From Birds to Alligators, Embryos' Development Is Shaped by Sound

Many unborn creatures make and receive sounds and vibrations -- getting valuable information on the outside world.
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Bird hatching in nest
Katharine Gammon, Contributor

(Inside Science) -- Mylene Mariette was studying zebra finch calls when she started to notice something strange: Sometimes a solo parent in the nest would produce a knocking sound. "Because it was by itself just with the eggs, I wondered whether they would be communicating with the embryos," she said. 

It soon became apparent that the sound only happened when it was hot outside. Mariette came up with an experiment, hatching the eggs with artificial incubators in two groups: one without the calls, and another group hearing a recorded call from the parents. 

She was surprised to find that the birds were physically different -- the birds who had heard the heat call were smaller than their siblings who had not. But even more surprising was that the birds who had heard the call had more babies over the course of their lives. 

That got Mariette, a behavioral ecologist at Deakin University in Australia, interested in how sounds heard before birth impact later development -- not just in birds but in lots of species. The result was a review paper, published this week in the journal Trends in Ecology & Evolution, finding that acoustic signals like clicks, knocks and squeaks can help babies inside an egg or womb adjust to the outside world and improve their likelihood of survival. 

Sound has not been studied much when it comes to prenatal programming, but it makes a lot of sense, Mariette said: "In most species the embryo will have no access to visual information, and sound can be very precise and transmitted through a lot of [materials] -- so you can provide them a lot of information that will be very valuable for their survival." 

Perhaps unsurprisingly, the study of sounds' impact on development has traditionally been studied in one particular species: humans. For example, scientists have known that human babies experience some sort of acoustic programming. In past experiments, babies adopted from China who grew up speaking French continued to process word intonation as semantic meaning, something that happens in Chinese but not in French -- even though they had no conscious knowledge of Chinese language. Looking at nonhuman animals came next. "It's actually a case where human research led the way," said Mark Hauber, a behavioral ecologist at the University of Illinois, who was not involved in the research but who has published his own research on sounds that birds learn while inside an egg.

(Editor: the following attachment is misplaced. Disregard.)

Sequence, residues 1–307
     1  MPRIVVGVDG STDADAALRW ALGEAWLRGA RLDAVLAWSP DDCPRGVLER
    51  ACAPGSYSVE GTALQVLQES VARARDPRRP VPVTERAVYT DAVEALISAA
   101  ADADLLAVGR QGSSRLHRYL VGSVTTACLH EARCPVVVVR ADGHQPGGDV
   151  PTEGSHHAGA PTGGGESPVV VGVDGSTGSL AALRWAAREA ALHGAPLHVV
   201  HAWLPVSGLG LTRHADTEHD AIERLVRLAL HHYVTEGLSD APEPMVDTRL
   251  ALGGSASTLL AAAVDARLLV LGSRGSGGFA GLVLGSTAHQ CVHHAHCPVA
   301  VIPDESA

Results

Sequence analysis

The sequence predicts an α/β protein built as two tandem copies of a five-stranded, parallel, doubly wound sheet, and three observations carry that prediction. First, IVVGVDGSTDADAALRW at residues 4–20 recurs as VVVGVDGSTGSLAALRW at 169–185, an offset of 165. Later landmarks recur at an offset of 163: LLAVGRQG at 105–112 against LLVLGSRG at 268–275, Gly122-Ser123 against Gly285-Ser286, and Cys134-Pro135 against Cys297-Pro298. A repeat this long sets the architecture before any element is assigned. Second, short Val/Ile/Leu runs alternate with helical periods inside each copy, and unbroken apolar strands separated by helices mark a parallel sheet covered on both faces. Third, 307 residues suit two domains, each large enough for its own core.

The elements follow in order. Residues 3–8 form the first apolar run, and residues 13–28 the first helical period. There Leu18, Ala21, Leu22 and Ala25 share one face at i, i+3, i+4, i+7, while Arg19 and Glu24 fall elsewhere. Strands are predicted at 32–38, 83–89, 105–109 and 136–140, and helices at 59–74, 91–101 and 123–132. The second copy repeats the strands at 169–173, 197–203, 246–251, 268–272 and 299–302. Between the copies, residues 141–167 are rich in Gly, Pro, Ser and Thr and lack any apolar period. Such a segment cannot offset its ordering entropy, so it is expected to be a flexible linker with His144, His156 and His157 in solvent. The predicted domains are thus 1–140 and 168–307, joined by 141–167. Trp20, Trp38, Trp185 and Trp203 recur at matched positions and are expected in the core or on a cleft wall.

The field is just emerging, but growing by leaps and bounds, said Hauber, and this review is exciting because it expands out of birds and into reptiles, insects and mammals. Mammals have an advantage in programming in general because they can also send hormone and chemical signals continuously through the placenta. On the other hand, birds are kind of stuck, Hauber said. After they lay the eggs, their direct connection is severed. But once the embryos have developed functional nervous systems, the parents can use sound to start sending signals again. 

Developing animals use acoustic signals for a number of reasons. For stink bugs, it's to coordinate the time they emerge from the nest so no sibling is so much bigger that it will gobble up the others. For sea turtles, it helps synchronize hatching so they can waddle down the sand to the water, reducing the chance of predation. And for the mallard duck, it's to help babies imprint on their mother's call so they won't lose track of her after they emerge into the world. 

Acoustic programming is not just about immediate threats -- the method can also help prepare offspring for longer-term environmental conditions like heat. "The functions are really diverse," said Mariette. "Embryos in lots of species use sound, but the way they use it varies a lot, and that's why we think this is probably a lot more common than we know." 

The work has implications for a hotter world filled with human-created noise. If birds can use heat calls to prepare their babies to be smaller in a hotter environment, it could reduce the impact of climate change on their populations. But a noisier world could also disrupt the signals parents are sending to eggs, or that eggs are sending to each other. 

When it comes to studying the profound effects sound has on embryos, Mariette sees opportunities everywhere she looks, especially in environments that are changing fast. "There's a world of research that's yet to be done on all these species, hopefully before it gets too hot or too loud for them to continue to survive." 

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Author Bio & Story Archive

Katharine Gammon is a freelance science writer based in Santa Monica, California, and writes for a wide range of magazines covering technology, society, and animal science.